Mohamedou Ould Slahi, Mauritania

Warscapes Corona Notebooks

Before the pandemic of Coronavirus, I was consumed with my own daily struggle. I wanted so badly to resume my life after twenty years of being deprived of my freedom, nearly 15 as a prisoner at Guantánamo Bay. I wanted to go everywhere, visit countries, promote my books and my movies. For so many years, I wanted so much to be just a normal, invisible person, like the billions of people who live on this planet. And boom, everything’s on hold. Some of my closest friends were hit by the covid 19 virus, and my family was in the heart of it. Now, my only concern is to see my friends cured and my family free of infection. I am not interested anymore in “resuming” my life, or being given visas to travel outside my home in Mauritania. I was reminded that the world is much bigger than my own problems. I have become forced to become one with my fellow humans, and to feel their daily suffering. I was reminded that there are people in my country who sell mints, one small bushel at a time. A bushel costs (10 Ouguiya, less than 30 cents). These mostly very poor women are under threat now because of this virus - to lose either their livelihoods, their source of income, or even their lives. Mohameden, Brahim, Moustapha and Houssein are doctors in my extended family, and we can only talk to them by WhatsApp. Doctors everywhere to me have only one singular identity now: They are just doctors, our healers, and we love them. Coronavirus has united the world like nothing I’ve known before. We have one army, that is of doctors and nurses, who we admire and we totally stand behind and back. The army represents us all, regardless of our ethnicities, where we are from, or our creed. We can turn this pandemic to something much more positive and inclusive. We can build a new world order based on brotherhood and cooperation, rather than the ideology of intimidation and MAD deterrence doctrine. Coronavirus has shown us that we are much more vulnerable than we want to believe. We need one another. I hope that in these trying times, we reflect.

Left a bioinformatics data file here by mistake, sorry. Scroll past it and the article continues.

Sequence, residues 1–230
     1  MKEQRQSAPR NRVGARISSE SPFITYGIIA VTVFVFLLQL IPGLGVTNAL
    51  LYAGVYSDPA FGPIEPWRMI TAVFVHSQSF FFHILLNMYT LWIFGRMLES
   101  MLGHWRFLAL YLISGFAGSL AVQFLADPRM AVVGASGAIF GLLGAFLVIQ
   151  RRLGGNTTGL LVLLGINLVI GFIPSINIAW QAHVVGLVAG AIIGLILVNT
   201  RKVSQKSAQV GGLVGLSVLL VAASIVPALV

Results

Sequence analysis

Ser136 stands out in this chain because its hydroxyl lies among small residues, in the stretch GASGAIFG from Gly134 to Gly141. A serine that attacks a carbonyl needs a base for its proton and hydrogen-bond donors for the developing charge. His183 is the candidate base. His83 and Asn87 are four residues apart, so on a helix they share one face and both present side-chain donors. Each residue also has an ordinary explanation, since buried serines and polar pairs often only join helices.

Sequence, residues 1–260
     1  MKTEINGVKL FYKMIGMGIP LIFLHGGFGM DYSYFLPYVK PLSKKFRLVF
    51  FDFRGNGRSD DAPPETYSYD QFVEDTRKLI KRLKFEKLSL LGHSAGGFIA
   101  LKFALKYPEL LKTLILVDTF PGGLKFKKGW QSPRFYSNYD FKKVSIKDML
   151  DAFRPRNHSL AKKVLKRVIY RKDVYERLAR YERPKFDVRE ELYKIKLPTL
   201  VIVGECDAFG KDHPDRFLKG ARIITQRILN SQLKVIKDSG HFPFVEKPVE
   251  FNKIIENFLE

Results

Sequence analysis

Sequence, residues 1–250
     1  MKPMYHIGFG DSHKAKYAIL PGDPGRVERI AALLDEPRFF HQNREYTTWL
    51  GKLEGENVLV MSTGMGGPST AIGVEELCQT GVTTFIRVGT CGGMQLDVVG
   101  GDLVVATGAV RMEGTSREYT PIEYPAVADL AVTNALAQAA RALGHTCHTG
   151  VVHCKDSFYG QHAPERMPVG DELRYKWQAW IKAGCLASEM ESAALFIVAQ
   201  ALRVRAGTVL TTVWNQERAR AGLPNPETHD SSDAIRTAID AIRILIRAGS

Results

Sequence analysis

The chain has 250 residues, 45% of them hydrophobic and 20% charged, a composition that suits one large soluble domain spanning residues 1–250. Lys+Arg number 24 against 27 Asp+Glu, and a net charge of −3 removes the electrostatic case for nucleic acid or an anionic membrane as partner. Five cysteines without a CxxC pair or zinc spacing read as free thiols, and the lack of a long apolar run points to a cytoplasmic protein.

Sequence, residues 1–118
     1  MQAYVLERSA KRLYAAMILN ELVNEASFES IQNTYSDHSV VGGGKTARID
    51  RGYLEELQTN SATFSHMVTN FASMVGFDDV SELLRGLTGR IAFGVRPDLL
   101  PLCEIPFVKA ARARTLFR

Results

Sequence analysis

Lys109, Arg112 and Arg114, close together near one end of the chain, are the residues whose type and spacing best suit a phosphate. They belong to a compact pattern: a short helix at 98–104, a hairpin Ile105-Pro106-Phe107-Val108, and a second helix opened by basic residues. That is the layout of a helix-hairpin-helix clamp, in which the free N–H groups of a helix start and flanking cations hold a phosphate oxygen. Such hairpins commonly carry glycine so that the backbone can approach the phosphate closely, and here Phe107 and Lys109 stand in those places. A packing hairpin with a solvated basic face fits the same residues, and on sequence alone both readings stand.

Mohamedou Ould Slahi is a Mauritanian writer. He was detained at Guantánamo Bay detention camp without charge from 2002 until his release in 2016, almost fifteen years later. His memoir, Guantánamo Diary, was written while in detention and has been translated into 27 languages. His novella Ahmed and Zarga is forthcoming with Ohio University Press.